As expected, Collins has been the biggest contributor of the starting five. Not only is he the player that makes the team go, but he’s also the emotional leader when the team needs a verbal spark. It’s amazing that the Jayhawks have only lost one game so far this season. With a team chalk-full of freshman and sophomores, Self has played a with a mixed bag most nights to some success. If he can get something out of Cole Aldrich and freshmen Tyshawn Taylor and Marcus Morris on a semi-nightly basis, then the team could shock the Big 12.
The win against Washington was the Jayhawks’ most complete win so far. Collins led the team in scoring with 18 in a 73-54 rout. The rest of the wins have come against inferior opponents.
For Kansas, the season rests on its road games. It sounds absurd to say that since road games are always difficult during conference play, but for Kansas these games could make or break the season. Every young team goes through the growing pains of winning in hostile environments; it’s safe to say that winning on the road in college is nothing like winning on the road in high school. If Self can instill a confidence in his team that winning away from Lawrence is possible, then the Jayhawks could be in for a special season. But for now let’s call it so far, so good for Self’s young team.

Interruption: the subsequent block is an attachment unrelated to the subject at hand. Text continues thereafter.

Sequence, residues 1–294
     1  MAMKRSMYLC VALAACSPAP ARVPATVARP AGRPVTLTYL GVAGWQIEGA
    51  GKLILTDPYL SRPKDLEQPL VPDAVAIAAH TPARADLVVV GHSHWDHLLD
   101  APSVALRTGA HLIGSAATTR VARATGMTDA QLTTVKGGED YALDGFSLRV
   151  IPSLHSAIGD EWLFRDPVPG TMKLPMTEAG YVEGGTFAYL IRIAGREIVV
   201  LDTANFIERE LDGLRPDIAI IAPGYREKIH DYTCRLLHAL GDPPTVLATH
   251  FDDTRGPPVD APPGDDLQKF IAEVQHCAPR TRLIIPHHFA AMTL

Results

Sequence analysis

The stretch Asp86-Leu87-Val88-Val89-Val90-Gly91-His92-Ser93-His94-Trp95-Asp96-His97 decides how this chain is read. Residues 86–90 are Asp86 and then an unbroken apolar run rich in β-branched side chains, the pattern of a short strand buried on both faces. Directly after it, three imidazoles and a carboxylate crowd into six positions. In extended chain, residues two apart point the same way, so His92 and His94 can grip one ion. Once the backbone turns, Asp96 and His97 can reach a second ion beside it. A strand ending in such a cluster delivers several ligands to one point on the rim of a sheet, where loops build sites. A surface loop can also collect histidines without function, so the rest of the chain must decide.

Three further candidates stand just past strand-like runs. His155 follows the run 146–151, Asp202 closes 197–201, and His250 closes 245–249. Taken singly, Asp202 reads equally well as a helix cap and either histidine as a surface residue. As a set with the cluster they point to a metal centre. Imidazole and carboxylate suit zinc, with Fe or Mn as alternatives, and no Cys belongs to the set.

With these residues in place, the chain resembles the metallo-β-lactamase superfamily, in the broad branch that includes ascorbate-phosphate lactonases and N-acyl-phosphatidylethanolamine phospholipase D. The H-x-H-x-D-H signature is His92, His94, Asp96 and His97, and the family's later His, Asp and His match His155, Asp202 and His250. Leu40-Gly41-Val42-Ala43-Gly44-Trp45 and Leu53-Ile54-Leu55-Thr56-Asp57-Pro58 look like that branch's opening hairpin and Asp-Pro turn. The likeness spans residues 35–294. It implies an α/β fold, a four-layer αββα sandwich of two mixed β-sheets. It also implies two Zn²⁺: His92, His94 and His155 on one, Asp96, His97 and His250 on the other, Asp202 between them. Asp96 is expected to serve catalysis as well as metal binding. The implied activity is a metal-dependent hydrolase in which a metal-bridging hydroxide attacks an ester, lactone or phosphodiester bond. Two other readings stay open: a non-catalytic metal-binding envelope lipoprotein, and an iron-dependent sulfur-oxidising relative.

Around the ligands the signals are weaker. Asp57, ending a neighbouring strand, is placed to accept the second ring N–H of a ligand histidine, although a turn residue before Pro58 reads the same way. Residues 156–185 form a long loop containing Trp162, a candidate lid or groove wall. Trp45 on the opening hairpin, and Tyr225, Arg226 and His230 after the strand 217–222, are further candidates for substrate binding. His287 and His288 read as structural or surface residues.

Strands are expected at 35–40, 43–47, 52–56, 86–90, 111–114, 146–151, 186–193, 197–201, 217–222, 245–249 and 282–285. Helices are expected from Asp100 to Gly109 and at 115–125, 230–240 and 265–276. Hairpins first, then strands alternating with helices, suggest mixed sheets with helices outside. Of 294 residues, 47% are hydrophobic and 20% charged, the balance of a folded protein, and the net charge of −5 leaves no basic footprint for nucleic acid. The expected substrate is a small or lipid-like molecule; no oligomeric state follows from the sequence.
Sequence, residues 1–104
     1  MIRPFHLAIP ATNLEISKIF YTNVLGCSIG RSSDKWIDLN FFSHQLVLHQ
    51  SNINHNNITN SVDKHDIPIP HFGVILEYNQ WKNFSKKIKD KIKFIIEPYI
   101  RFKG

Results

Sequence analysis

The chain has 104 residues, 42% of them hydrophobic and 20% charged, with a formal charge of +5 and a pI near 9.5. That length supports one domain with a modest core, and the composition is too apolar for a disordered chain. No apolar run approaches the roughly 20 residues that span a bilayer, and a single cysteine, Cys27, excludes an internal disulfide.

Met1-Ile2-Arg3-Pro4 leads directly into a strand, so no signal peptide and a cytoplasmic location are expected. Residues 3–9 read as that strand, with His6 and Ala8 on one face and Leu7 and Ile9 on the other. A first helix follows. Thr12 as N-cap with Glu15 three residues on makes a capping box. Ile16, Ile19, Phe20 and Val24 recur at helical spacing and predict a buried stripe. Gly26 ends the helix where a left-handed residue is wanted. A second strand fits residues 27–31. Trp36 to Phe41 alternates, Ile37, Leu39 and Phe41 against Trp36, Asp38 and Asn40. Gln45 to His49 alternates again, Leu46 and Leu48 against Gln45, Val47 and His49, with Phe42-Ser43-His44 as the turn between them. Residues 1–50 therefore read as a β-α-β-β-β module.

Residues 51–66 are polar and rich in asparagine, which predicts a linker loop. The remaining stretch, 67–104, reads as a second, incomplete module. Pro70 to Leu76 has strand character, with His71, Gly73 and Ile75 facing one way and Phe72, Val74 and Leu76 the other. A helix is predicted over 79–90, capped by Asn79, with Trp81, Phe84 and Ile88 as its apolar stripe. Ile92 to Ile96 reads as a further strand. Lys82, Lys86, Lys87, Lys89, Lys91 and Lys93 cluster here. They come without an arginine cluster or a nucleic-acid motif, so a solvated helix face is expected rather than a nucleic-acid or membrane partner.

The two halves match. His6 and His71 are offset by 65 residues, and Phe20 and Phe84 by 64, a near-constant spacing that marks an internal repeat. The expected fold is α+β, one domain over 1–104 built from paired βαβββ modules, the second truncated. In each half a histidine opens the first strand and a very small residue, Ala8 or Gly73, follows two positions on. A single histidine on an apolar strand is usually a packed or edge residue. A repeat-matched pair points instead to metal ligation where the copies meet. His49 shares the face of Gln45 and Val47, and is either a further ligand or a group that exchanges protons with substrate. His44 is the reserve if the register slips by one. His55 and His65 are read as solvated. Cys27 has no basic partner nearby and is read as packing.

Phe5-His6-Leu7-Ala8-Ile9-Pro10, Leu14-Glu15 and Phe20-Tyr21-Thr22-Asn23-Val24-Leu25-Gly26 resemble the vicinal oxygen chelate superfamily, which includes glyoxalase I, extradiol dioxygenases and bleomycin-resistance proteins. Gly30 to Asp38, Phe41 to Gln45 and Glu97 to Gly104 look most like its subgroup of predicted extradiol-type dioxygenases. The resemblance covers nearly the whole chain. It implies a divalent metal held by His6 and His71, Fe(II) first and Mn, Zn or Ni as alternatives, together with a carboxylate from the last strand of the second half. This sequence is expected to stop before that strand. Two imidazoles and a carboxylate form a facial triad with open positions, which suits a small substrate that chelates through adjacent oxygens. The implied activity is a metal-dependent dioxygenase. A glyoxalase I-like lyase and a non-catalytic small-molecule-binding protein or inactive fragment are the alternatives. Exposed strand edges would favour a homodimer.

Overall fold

Colorado (4-3): Losing three of your starters from the previous season is always tough. But for Colorado, that could prove to be even more difficult since those three players were Richard Roby, Marcus Hall and Xavier Silas. So far this season the team has tried like hell to find a way to make up for the 66.5 percent of the points that those three players brought to the table last season. So far things haven’t been going as planned.
How they look so far: Let’s be honest: 4-3 in the non-conference is never a good thing if you’re a major conference program. The non-conference brings the opportunity to pad the win column and prepare for the conference slate. That hasn’t been these case for the Buffaloes.
A home loss to Morgan State is the biggest blemish on their record. Couple that with a 16-point home loss to TCU and a road loss to Stanford and you have a team that’s still rebuilding under head coach Jeff Bzdelik.